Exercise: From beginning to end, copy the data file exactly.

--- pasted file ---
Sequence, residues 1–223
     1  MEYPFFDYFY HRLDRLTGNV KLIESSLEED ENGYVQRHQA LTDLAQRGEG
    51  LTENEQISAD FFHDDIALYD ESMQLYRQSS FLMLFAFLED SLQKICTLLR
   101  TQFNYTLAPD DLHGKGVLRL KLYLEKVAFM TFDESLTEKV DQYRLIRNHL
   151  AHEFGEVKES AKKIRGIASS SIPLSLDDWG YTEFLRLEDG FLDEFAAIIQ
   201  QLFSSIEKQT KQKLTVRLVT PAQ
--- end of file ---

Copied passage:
Sequence, residues 1–223
     1  MEYPFFDYFY HRLDRLTGNV KLIESSLEED ENGYVQRHQA LTDLAQRGEG
    51  LTENEQISAD FFHDDIALYD ESMQLYRQSS FLMLFAFLED SLQKICTLLR
   101  TQFNYTLAPD DLHGKGVLRL KLYLEKVAFM TFDESLTEKV DQYRLIRNHL
   151  AHEFGEVKES AKKIRGIASS SIPLSLDDWG YTEFLRLEDG FLDEFAAIIQ
   201  QLFSSIEKQT KQKLTVRLVT PAQ